... as Captain Burnett was strolling across the tennis-lawn in search of a shady corner where he could read his paper, he encountered Audrey. She was walking in the direction of the gate, and had a basket ...
— Lover or Friend • Rosa Nouchette Carey

... on which she had learnt to play as a child, to her Aunt in Australia, said Aunt to pay carriage and legacy duty; her violin to the people in the next flat; her French novels to the church library; her golf clubs and tennis racket to her old nurse; her Indian clubs to the Olympic Games Committee; her early water-colour sketches to the Nation. We divided up all her goods. Everybody got something appropriate. It was a good will. And when I suggested that ...
— Punch, or the London Charivari, Vol. 146, January 28, 1914 • Various

... a man of vast erudition, but no taste. His writings are learned, but sometimes ridiculous. He called his work Defensio Regia, Defence of Kings. The opening of this work provokes a laugh:—"Englishmen! who toss the heads of kings as so many tennis-balls; who play with crowns as if they were bowls; who look upon sceptres as ...
— Curiosities of Literature, Vol. 1 (of 3) • Isaac D'Israeli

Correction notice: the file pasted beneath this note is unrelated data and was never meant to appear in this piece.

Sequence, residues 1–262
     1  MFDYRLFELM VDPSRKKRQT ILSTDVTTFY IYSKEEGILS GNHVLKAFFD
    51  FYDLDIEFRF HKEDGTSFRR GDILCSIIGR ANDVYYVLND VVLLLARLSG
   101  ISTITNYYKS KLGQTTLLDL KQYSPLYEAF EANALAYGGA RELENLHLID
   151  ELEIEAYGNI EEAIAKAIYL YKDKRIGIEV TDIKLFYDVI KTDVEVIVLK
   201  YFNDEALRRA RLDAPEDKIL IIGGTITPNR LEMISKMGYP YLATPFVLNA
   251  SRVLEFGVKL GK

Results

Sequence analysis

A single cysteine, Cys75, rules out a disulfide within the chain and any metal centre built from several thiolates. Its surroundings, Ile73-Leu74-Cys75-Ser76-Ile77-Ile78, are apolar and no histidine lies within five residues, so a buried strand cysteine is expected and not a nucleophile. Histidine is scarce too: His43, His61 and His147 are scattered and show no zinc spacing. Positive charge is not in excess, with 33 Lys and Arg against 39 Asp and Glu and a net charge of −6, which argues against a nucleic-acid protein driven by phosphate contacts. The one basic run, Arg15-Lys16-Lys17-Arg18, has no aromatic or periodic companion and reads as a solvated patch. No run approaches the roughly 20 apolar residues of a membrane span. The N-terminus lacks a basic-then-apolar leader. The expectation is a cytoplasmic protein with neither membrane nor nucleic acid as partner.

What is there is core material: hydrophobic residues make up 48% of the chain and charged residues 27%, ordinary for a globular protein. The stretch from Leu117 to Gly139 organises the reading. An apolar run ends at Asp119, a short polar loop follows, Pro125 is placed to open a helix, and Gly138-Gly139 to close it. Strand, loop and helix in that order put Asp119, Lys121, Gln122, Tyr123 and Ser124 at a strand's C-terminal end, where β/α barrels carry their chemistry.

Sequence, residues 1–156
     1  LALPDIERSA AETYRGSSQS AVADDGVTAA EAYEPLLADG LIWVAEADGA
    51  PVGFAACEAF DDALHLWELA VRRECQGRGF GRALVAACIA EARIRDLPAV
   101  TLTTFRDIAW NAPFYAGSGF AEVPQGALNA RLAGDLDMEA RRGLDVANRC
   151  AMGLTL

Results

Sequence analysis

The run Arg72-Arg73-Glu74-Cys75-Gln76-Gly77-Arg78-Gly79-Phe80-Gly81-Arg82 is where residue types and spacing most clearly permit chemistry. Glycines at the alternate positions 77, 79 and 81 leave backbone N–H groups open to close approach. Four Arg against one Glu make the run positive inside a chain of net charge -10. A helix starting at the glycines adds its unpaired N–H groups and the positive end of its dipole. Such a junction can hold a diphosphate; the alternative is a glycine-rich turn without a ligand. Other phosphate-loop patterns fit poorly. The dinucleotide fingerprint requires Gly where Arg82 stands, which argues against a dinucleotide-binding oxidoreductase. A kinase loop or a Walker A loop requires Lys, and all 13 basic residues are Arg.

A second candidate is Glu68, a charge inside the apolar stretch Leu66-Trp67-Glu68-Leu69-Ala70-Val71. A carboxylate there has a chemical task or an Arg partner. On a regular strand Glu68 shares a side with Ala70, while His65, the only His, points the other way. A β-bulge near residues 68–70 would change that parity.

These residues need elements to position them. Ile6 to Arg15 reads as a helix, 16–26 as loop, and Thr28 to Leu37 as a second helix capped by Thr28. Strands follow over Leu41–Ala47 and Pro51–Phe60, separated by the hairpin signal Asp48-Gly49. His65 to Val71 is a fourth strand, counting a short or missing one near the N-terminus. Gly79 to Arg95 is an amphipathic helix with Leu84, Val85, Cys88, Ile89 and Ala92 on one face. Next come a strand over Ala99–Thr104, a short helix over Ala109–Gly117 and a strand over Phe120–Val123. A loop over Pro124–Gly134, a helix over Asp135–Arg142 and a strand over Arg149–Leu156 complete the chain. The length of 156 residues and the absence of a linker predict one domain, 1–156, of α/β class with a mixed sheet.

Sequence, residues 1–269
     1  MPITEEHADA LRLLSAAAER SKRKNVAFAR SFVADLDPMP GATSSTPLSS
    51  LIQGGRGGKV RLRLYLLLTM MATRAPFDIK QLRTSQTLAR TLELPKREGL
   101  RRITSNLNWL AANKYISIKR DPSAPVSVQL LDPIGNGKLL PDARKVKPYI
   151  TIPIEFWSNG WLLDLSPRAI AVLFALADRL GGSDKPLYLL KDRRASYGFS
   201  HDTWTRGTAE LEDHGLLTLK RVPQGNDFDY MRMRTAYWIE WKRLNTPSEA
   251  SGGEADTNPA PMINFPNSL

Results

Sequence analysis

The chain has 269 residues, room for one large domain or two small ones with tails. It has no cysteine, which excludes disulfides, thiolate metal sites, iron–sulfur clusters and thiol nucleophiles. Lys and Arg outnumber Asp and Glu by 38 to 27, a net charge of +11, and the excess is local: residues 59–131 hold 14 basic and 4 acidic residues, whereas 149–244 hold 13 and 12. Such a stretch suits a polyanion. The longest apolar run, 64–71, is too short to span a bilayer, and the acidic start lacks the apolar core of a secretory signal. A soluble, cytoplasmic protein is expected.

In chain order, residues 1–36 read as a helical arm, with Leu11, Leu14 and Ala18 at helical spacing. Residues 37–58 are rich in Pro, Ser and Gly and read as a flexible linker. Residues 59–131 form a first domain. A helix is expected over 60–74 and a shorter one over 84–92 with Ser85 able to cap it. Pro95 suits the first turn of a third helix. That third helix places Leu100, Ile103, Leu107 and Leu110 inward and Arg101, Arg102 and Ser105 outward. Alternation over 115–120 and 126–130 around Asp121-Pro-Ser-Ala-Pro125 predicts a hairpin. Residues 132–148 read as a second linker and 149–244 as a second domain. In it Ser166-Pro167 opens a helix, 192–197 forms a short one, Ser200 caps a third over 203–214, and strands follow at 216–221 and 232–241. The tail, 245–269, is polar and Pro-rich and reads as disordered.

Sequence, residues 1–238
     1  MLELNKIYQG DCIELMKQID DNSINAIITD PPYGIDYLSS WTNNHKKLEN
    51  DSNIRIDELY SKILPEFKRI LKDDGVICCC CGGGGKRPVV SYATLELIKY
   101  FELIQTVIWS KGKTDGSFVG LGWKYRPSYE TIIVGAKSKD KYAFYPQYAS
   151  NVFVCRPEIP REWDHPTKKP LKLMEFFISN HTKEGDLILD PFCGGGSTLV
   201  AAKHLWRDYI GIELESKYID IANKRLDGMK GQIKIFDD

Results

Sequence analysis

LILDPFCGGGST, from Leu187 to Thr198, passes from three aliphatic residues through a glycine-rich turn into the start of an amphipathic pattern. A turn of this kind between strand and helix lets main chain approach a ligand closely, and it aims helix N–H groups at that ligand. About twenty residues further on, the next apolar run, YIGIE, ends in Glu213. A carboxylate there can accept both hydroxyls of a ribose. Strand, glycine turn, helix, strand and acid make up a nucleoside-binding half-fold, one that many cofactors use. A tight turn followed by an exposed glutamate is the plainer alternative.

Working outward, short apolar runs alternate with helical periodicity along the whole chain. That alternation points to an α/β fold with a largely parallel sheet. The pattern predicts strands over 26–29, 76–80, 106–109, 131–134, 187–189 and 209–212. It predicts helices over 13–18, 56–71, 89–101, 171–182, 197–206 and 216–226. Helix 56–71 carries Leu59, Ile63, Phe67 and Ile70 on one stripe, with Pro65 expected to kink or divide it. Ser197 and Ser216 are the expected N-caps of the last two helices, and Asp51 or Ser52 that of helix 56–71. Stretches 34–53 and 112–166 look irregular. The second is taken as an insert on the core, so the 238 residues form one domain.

... day, as far as possible, with his. Would he swim, play tennis, or go crabbing—there was Dorothea. Would he repose in the summerhouse hammock and listen to entire pages declaimed from Tennyson and Longfellow, the while being violently swung—his slave was ready. She read no story in which she was not the heroine and Amiel the hero. At the same time, ...
— Stories from Everybody's Magazine • 1910 issues of Everybody's Magazine

... Blushes each spout in Martlet Court And Barbican, moth-eaten fort, And Covent Garden kennels sport, A bright ensanguined drain; Meux's new brewhouse shows the light, Rowland Hill's chapel, and the height Where patent shot they sell; The Tennis-Court, so fair and tall, Partakes the ray, with Surgeons' Hall, The ticket-porters' house of call. Old Bedlam, close by London Wall, Wright's shrimp and oyster shop withal, And Richardson's Hotel. Nor these alone, but far and wide, Across red Thames's gleaming tide, To distant fields ...
— The Humourous Poetry of the English Language • James Parton

... and his friends repaired Unto a spacious court, To strike the bounding tennis-ball In ...
— The Complete Poems of Sir Thomas Moore • Thomas Moore et al

... have been at tennis Madam, with the king. I gave him fifteen and all his faults, which is much, and now I come to toss a ball ...
— The Noble Spanish Soldier • Thomas Dekker

... diving about like a lot of schoolboys. There is a great deal of the schoolboy in all Englishmen, that is what makes them so lovable. When they came out they ran over the grass to dry themselves, and then began playing lawn tennis, just as they were, stark naked, the future rulers of England. I shall never forget the scene. Wilfred Blunt had gone up to his wife's apartments and had changed into some fantastic pyjamas; suddenly he opened ...
— Oscar Wilde, Volume 2 (of 2) - His Life and Confessions • Frank Harris

... duly admire his neat garden of potatoes and peas, beets and turnips. The reverend gentleman owns up to finding Norman lonely in winter and recalls with appreciation his last charge in the outports of Newfoundland, where the tedium was relieved by tennis and pink-teas. ...